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Vulgar Unicorn - Under The Umbrella CD (album) cover

UNDER THE UMBRELLA

Vulgar Unicorn

 

Eclectic Prog

3.23 | 29 ratings

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tszirmay
Special Collaborator
Honorary Collaborator
5 stars "Woof! What d'ya say? I said Woof! D'ya know anymore? WOOOOOOF!" Beatles-Hey Bulldog! In continuing my scribed reverence for this Vulgarprog beast, I will lay some light on this fine disc , thus completing the first trio of their discography. I purchased this back in 1995 and have adored it unrelentingly ever since. "Under the Umbrella" is VU's debut offering and what a hidden gem this is, a playful, whimsically very british whimsical spy story, illuminated by some fabulous melodies and great solos. Being from Albion, the vocals, courtesy of Tony Busby are above average, unpretentious in a Ray Davies meets Richard Sinclair style, sweetly sung but loaded with that typical island aloofness (a bit snotty at times!). This is really just one long suite, separated into 4 movements that bleeds into the next , flowing nicely along. What makes it so laudable, is the intrepid use of trumpet that will even duel with the saxophone (when do you see that in supposed Neo-Prog, huh?), a violin streak swooshes through, unexpected. Acoustic guitars court a cello lament with intense grace. All this adding to the general aural bliss under the umbrella, vodka martini shaken not stirred. Guitarist Bruce Soord (of future Pineapple Thief fame) liberally splashes some interesting rythmic webs , punctuated with some devastatingly alluring "The Edge" like solos. The strangeness and charm of the arrangements rely on some original changes of pace, from groovy a la Ozrics to frenetic , like a sonic roller coaster.Yes , it wanders, thankfully. When you least expect it, the journey turns on a dime , an urgent sax solo out of the blue, urging one to smile. Keyboardist Neil Randall tosses everything into the cauldron: electronic bleeps, synth sweeps, great bopping bass heaps, rushing organ weeps and refined piano leaps. Whether you like this or not (you shouldn't judge prog harshly anyway: its all good), the bottom line is that this isn't boring, shallow. Please remember that CAT FOOD is anathema to proggers, according to Mister Sinfield. No mention of dog food, Sean! Five techno thrillers, for arguments sake!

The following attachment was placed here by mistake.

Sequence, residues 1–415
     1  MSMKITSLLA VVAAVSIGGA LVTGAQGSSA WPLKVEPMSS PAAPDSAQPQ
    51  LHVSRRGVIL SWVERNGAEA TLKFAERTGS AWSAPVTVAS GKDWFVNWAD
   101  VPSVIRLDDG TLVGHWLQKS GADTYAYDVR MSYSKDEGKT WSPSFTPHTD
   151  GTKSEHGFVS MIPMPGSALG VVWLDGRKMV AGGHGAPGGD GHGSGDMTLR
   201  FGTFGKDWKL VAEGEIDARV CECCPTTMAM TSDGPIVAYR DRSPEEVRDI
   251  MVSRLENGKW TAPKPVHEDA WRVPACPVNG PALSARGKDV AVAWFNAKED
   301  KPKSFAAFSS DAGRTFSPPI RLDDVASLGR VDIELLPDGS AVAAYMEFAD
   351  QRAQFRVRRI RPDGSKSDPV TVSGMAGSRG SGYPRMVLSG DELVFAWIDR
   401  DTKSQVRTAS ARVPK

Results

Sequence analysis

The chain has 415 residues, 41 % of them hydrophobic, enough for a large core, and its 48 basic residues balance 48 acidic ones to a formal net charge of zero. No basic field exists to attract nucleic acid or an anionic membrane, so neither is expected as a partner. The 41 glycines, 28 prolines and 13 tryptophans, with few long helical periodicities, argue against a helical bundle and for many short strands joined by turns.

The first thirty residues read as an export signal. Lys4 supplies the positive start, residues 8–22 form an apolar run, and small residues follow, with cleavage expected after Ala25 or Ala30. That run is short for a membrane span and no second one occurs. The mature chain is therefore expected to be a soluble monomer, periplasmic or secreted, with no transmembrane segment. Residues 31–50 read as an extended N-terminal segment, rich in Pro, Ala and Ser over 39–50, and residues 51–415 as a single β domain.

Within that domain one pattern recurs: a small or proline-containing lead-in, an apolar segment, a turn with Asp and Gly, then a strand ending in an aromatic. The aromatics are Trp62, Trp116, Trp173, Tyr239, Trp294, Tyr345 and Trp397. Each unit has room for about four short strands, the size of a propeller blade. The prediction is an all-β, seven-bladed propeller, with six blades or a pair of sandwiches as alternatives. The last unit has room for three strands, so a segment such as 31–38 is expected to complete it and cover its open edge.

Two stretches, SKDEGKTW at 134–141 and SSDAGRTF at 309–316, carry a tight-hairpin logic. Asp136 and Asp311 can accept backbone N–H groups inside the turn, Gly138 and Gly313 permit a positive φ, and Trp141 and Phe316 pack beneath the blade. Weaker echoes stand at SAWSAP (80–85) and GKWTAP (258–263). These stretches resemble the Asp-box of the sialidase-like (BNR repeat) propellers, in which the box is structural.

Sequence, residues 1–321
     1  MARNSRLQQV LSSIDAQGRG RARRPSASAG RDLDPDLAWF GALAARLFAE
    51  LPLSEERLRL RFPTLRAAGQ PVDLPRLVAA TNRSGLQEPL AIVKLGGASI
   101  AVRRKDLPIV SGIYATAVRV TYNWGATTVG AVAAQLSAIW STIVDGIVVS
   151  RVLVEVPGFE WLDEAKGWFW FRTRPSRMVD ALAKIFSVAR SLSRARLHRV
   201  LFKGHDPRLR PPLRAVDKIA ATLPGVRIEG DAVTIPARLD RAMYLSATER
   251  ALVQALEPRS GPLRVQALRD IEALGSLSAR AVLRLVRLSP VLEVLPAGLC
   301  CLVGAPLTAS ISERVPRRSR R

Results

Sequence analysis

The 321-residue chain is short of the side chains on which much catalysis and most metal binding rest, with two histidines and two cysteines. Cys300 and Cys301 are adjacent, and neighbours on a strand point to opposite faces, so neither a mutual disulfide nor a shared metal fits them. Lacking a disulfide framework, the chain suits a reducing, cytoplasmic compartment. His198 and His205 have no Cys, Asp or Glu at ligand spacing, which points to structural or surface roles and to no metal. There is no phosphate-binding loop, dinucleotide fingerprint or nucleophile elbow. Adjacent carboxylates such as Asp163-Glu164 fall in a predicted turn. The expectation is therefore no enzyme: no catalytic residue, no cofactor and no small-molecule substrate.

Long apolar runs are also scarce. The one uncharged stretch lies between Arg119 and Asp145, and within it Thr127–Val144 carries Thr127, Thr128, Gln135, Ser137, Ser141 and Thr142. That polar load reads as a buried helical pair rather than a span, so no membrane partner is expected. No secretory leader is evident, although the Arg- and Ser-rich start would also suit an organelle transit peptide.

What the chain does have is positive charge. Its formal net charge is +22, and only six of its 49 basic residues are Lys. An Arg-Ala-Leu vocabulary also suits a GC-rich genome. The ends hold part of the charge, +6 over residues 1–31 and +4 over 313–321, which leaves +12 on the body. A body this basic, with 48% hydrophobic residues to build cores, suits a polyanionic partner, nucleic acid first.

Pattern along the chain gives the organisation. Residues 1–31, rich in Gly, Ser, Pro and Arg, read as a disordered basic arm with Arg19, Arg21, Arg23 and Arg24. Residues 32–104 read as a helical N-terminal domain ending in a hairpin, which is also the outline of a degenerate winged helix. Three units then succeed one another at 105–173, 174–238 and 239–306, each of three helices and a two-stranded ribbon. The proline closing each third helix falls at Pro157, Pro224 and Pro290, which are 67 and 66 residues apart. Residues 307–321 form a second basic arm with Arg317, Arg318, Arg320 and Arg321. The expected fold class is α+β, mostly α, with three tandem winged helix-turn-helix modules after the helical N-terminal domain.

tszirmay | 5/5 |

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